After researching online, I found out about reglan and domperidone. I got a recommendation for a doctor who had a lot of experience with breastfeeding, and drove out (an hour away!) to see him. Why did I waste my time? He confirmed that I was already doing everything I could. He said that it's a myth that all mammals produce the same. In the case of dairy cows, if they don't produce, we turn them into hamburger (of course, we don't do that to people, he said). Not much comfort there, and I didn't appreciate the allusion. He gave me a prescription for reglan (which I didn't fill) and suggested that I just try again with the next baby. Grrr.
So I ordered domperidone from Pharmacycare in New Zealand. (BTW, even though their website is shut down, they're still in business. I've been able to order refills regularly via email). I've been taking that, and I think it's kept my supply from drying up, now that I'm back at work full time and pump on an erratic schedule.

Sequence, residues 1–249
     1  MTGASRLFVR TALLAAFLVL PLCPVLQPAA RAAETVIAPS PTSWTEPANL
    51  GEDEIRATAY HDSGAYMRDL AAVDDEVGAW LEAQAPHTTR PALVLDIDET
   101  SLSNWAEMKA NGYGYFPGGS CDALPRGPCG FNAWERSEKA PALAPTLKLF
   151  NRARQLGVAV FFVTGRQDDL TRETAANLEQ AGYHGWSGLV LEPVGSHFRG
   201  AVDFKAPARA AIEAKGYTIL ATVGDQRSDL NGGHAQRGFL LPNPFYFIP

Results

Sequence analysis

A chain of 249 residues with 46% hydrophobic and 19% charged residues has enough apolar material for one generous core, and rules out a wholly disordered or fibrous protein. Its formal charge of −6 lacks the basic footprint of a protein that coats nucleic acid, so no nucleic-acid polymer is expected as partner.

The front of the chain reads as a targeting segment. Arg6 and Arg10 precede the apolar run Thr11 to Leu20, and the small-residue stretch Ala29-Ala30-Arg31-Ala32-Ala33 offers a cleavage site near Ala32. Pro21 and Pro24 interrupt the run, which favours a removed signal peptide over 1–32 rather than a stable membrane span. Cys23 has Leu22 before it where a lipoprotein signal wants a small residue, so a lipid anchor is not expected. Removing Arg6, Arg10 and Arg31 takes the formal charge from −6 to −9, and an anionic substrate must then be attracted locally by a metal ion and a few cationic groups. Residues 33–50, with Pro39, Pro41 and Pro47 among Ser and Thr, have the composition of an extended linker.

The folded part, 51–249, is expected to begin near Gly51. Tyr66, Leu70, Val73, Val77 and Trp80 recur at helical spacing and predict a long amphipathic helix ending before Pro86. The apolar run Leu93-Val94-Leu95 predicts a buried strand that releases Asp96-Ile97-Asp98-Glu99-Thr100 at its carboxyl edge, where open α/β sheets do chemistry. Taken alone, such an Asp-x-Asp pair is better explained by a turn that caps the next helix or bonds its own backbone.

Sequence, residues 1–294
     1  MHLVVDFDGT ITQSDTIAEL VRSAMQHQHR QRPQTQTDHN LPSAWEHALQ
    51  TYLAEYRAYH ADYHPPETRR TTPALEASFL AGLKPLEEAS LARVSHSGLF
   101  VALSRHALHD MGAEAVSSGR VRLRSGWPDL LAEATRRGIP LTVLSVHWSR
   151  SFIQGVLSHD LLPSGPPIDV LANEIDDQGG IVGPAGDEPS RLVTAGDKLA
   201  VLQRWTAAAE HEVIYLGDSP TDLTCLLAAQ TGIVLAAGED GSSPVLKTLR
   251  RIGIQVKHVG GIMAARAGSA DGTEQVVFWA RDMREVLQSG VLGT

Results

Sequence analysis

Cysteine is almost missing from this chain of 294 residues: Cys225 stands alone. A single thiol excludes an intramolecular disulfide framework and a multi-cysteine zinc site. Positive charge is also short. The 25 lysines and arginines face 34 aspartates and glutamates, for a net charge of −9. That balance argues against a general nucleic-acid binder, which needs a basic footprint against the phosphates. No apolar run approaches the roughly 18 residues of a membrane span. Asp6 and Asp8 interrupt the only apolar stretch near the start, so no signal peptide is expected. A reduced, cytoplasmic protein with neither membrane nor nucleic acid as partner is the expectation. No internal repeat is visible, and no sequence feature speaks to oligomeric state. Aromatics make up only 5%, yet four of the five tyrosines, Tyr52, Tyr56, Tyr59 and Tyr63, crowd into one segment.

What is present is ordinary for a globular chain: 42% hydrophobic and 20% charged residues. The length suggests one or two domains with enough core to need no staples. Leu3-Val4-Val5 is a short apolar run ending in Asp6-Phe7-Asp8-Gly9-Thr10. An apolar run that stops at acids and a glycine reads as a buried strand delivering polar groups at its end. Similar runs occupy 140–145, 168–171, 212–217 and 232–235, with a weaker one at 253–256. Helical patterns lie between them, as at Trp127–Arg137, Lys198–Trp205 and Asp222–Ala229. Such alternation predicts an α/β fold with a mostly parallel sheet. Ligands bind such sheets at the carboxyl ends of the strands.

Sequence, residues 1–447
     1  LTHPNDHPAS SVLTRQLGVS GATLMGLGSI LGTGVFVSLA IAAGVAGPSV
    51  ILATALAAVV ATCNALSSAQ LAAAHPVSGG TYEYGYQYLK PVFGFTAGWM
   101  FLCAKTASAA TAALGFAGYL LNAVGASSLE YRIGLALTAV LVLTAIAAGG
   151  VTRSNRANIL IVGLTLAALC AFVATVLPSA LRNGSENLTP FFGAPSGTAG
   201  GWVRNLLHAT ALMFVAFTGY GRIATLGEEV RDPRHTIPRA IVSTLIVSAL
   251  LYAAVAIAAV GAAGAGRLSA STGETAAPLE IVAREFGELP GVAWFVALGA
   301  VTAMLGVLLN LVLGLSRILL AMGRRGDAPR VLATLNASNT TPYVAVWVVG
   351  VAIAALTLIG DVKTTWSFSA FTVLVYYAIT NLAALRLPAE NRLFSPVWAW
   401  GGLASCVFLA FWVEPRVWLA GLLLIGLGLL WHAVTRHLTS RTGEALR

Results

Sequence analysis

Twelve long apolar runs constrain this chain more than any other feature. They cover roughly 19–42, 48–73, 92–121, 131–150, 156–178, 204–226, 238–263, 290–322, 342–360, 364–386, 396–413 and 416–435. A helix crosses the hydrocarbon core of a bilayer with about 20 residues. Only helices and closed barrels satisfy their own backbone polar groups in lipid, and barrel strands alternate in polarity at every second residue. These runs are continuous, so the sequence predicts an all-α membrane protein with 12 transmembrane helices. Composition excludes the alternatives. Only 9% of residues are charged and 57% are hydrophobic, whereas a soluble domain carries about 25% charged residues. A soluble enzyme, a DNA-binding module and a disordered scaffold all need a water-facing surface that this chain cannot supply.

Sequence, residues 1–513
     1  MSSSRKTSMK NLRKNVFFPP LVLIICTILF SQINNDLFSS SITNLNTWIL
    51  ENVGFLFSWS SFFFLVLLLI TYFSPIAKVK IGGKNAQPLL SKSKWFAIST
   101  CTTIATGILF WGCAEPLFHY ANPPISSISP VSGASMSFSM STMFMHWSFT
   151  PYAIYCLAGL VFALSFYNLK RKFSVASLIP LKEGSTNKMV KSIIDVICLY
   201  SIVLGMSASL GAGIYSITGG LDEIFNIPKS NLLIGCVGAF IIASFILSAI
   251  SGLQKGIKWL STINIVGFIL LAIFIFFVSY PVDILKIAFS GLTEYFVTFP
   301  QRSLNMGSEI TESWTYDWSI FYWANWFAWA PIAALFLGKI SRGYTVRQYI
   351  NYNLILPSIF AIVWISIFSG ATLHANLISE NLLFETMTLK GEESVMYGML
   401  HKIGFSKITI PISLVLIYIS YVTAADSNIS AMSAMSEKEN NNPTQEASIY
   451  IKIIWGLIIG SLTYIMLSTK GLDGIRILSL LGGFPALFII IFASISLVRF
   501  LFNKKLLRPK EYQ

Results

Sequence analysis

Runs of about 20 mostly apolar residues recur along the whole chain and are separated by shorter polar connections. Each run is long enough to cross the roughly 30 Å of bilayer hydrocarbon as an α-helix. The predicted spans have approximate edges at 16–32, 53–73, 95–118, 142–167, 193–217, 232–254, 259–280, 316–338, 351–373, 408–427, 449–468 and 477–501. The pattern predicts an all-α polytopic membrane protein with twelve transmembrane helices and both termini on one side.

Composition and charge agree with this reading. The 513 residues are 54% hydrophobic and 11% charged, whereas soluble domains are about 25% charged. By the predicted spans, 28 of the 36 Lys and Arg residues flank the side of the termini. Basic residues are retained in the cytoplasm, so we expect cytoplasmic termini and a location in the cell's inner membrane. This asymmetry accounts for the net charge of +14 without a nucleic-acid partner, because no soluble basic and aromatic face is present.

Speaking of work, I went back when Max was 3 months old (My husband is a SAHD. I stayed home until Ivy was 1, then we switched). When I first came back, I was able to pump 3-4 times a day, and got 4-7 ounces (total). Now I'm lucky if I can get away to pump twice a day, and I get about 2-3 ounces. He nurses at night, and lately has been nursing better, so that's a comfort. When he's fully awake, unless he's very hungry, he won't nurse. I try taking him in the bedroom to lie down together to nurse, and that helps a lot. If he's hungry, he'll do it then.